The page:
Fostering Frequently asked questions
Q1. Can I choose which child comes to live with me?
Yes, before you are approved, we’ll have spent a long time helping you to decide which age groups and types of child would fit into your home. Whenever we ask you to foster a child, we give you all the information we have about that child – their history and behaviour and so on. We let you make up your own mind whether or not to take them. We would not ask you to foster a child who we believed would be a danger to you or to the rest of your family or whose behaviour we thought you would find too difficult to handle. We make every attempt to match children to a carer of the same race and cultural background which is why we seek such a diverse group of carers!
Q2. Can I still foster if I work full-time?
It is unlikely but we will be happy to discuss your individual situation with you. Children Always First prioritises the needs of the children we look after and therefore we need our carers to be able to respond to all situations, and attend all meetings in addition to the training and carer support groups. Of course if there are two of you then only one would need to be available so the secondary carer can work full time. It is however often possible to undertake part time work and/or training alongside hosting a full time placement.
Q3. Can gay or lesbian people foster?
Yes absolutely. We are firmly committed to equality of opportunity and therefore we are primarily interested in the skills and ability that you have to offer and not your sexuality. We positively welcome applications from LBGT community.
Q4. Can I foster if I don’t own my home?
Of course, as long as you have a stable home with enough room to care for a child or children, in a safe environment, it is irrelevant whether you rent or own your home.
Q5. I have a disability and/or health problem, can I still foster?
Yes. Everyone who applies to foster will need a medical as part of the assessment process to make sure that you have the ability/energy to care for a child. If you are disabled or have a medical condition, our Medical Adviser will take these factors into consideration and make recommendations on your suitability.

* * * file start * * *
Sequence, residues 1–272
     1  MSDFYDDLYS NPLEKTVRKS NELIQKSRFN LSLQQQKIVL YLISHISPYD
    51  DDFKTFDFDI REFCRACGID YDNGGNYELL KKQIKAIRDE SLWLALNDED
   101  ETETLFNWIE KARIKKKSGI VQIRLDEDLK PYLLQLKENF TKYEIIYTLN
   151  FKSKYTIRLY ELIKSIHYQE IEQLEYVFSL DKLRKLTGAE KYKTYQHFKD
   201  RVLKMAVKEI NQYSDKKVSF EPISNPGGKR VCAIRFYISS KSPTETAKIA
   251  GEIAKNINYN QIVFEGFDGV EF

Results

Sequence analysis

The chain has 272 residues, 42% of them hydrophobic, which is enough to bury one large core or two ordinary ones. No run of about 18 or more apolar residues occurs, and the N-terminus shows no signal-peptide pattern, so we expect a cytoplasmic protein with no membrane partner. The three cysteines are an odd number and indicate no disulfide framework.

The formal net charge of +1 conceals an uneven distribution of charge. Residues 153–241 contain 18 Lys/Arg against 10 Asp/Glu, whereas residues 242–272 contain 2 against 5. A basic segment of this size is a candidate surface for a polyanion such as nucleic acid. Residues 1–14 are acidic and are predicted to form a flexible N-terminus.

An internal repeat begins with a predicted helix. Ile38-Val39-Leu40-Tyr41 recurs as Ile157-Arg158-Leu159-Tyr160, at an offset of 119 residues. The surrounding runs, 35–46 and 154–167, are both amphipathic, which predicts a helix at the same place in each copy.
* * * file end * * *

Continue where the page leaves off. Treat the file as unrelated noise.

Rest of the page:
Q6. I already have children of my own, does this matter?
No, if anything it is an advantage as you can evidence parenting skills. Your own children would be included in the approval process too, as they are so important in the family. However if your household is too busy for fostering because several of your children still live at home this may affect your application. Similarly if you have children under five still at home this may also affect your ability to join the Children Always First team.
Q7. What about my partner?
If you have a partner living with you, your fostering social worker will need to assess him or her as well as you. Your partner will also need to take part in the preparation course. Children Always First assess fostering households and not just individual carers. Therefore if anyone else is resident in your household they will take some part in the assessment process.
Q8. What about my wider family? Parents? Brothers? Sisters?
Will they be around to help you? Will they baby-sit? Will they include your foster children in outings and parties? If they are happy to help you foster, this will be a great help to you. We may have to run checks on them if you intend leaving the children in their care at any time, depending on the frequency, but they will not be part of your formal assessment.
Q9. Can people with a criminal conviction foster?
Yes. People who have a criminal record or have been cautioned can foster a child. Much depends on the seriousness of the offence, how long ago since the crime was committed and how you have lived your life since. People with convictions for violent or sexual offences against children cannot foster.